Cannot Access Dictionary

sblakey at sblakey at
Sat Mar 25 01:26:12 CET 2000

On 25 Mar, apjewell at wrote:
> Well, I tried everything I could think of and couldn't figure this one
> out.  I'm a new user so maybe it's something easy - any help would be
> greatly appreciated.
> I have a class that reads in a configuration file.  The configuration
> file is separated into sections, each section becomes an element in the
> AppInfo array.
> Each element in a section is entered as a key:value dictionary entry.
> So all of my juicy data is contained in the AppInfo array (E.G.,
> self.AppInfo[0]["KeyName"] = "Value").  I have an access function called
> GetEnvList which looks like this:
>    def GetEnvList(self, *ReqEnvName):
>       """
>       Name: GetEnvList
>       Desc: An access method to return a list[] describing all the
>             environments listed in the configuration file.  These
> <SNIP>
> """
>       # If ReqEnvName exists
>       if ReqEnvName:
>          print "Requested Name is: %s--" % (ReqEnvName)
>          EnvData = self.AppInfo[self.secEnv].get(ReqEnvName,
>             "That environment was not found in this configuration
> file.")
>       else:
>          EnvData = self.AppInfo[self.secEnv]
>       return EnvData
> My class is called AppInCM.  There's the setup - NOW, if I import this
> class interactively I CAN successfully access a specific environment by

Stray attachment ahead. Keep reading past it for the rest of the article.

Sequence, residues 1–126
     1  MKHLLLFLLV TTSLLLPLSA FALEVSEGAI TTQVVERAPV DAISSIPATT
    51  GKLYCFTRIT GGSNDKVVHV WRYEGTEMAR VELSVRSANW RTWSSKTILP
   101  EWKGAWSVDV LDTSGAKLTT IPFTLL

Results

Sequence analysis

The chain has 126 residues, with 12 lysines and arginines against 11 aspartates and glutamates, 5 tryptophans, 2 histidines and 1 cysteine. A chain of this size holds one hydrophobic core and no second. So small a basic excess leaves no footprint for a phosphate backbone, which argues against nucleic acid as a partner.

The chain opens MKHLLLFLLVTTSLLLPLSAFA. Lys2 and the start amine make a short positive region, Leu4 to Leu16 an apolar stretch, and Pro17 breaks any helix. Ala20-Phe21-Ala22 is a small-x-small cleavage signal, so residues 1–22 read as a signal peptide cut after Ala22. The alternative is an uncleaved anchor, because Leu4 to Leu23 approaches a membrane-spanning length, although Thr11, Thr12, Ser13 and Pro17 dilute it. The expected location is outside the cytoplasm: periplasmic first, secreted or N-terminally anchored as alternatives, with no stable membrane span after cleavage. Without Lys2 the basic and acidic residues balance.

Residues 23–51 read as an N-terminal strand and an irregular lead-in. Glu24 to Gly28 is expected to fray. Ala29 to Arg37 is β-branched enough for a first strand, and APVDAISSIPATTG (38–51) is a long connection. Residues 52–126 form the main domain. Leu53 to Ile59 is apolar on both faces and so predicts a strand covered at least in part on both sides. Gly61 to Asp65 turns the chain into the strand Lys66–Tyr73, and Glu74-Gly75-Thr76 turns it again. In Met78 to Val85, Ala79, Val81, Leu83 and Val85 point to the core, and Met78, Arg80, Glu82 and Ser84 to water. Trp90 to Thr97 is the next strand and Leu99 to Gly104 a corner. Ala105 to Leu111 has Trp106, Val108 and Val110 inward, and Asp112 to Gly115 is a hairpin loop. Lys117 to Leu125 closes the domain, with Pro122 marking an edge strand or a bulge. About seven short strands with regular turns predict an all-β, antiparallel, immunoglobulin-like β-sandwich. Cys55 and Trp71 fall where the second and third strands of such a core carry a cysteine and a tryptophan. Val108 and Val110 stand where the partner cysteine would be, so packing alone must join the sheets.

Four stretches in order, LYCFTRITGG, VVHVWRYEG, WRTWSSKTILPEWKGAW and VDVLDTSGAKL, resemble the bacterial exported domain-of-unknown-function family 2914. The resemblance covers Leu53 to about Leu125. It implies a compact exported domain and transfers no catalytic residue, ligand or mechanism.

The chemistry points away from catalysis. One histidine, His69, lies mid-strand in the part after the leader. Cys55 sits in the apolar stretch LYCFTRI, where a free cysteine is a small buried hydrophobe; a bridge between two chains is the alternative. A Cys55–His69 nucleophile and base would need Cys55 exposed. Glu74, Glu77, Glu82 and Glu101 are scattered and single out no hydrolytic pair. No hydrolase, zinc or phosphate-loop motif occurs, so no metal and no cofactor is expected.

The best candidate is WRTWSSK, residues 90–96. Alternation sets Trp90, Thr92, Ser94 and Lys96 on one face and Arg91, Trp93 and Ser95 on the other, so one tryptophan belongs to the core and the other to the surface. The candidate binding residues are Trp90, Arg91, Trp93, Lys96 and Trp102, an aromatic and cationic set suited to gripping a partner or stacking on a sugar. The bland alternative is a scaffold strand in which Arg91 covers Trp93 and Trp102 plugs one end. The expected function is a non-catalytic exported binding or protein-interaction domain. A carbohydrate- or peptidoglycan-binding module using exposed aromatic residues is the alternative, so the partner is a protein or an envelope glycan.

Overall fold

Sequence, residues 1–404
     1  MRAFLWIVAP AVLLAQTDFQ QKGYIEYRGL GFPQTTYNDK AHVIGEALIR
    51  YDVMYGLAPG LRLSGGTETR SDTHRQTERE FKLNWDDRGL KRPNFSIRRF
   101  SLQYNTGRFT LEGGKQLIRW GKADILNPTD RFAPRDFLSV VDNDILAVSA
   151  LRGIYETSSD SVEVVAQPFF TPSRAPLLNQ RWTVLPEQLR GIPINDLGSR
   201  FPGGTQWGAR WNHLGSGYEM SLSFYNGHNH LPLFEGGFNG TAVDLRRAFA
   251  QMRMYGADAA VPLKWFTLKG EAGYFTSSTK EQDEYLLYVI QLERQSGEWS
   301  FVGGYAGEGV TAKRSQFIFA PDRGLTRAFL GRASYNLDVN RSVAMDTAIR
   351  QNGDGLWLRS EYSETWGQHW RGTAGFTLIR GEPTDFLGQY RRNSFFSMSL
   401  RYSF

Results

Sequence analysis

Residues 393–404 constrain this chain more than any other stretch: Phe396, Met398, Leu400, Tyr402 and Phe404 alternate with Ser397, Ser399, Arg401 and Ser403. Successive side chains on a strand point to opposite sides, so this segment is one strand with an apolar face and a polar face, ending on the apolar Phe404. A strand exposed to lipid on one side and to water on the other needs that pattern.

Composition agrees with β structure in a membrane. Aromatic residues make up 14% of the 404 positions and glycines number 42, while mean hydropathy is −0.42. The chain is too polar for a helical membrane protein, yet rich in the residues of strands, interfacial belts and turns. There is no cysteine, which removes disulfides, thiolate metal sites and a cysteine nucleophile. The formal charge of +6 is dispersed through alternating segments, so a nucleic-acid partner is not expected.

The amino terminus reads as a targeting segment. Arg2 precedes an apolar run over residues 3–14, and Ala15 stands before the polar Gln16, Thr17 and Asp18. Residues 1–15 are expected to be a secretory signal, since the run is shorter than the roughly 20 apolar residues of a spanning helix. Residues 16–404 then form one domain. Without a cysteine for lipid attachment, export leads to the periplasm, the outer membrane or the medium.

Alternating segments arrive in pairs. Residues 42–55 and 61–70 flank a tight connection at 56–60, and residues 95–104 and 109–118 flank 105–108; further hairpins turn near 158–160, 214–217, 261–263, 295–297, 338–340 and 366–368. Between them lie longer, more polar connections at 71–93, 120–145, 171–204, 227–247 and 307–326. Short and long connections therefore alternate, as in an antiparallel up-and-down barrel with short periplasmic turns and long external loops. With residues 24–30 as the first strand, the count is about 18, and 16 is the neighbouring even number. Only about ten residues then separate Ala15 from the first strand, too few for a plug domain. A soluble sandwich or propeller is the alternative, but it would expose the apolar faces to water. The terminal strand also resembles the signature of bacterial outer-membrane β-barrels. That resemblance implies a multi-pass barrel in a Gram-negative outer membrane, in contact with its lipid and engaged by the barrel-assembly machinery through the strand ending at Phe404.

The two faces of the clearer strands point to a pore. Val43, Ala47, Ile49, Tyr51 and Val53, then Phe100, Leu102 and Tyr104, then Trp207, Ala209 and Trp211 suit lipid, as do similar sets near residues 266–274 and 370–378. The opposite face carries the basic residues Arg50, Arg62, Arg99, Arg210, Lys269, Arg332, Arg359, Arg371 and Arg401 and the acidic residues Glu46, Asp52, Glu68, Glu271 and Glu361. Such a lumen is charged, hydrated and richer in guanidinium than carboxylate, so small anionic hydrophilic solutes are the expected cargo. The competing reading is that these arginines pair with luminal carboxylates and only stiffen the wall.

> this:
> myClass.AppInfo[self.secEnv].get("KeyName", "Couldn't get it")
> or, for simplicity, myClass.AppInfo[1]["KeyName"].
> But whenever I use my handydandy GetEnvList("KeyName") function, the
> entry can't be found, e.g.:
>>>> myC.GetEnvList("Development")
> Requested Name is: Development
> 'That environment was not found in this configuration file.'
> Does anyone have any idea what this might be?  The function works fine
> without the parameter, i.e., myC.GetEnvList() will return the entire
> array of dictionary entries.  I can access my entries WITHOUT the
> function so I know they're load OK.  What gives??  Thanks for your time!
> Andy Jewell
> Sent via
> Before you buy.

Keep in mind that the *argv form collects remaining arguments in a
tuple, even if there is ony one remaining argument.  Inside the
function, the dictionary is failing to lookup the key ('Development', ).
For example:
>>>def f(*argv):
...    print 'argv is %s' % argv
...    print argv
argv is spam

Is this really what you want?

As an aside, your description of your problem sounds like you are trying
to parse something like windows .ini files.  You are aware of the
ConfigParser module, correct?

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